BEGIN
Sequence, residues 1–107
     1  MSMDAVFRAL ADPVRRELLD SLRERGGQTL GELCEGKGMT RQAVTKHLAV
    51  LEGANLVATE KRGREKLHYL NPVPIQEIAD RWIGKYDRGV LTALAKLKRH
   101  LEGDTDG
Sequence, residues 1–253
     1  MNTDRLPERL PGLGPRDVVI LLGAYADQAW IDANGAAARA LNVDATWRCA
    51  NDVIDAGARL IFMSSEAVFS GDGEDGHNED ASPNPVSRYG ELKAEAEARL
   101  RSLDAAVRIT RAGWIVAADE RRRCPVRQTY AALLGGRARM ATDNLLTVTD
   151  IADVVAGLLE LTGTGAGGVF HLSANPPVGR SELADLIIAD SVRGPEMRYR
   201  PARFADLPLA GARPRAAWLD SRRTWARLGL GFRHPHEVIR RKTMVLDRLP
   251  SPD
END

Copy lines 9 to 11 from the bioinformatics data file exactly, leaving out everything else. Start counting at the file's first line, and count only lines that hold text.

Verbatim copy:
   151  IADVVAGLLE LTGTGAGGVF HLSANPPVGR SELADLIIAD SVRGPEMRYR
   201  PARFADLPLA GARPRAAWLD SRRTWARLGL GFRHPHEVIR RKTMVLDRLP
   251  SPD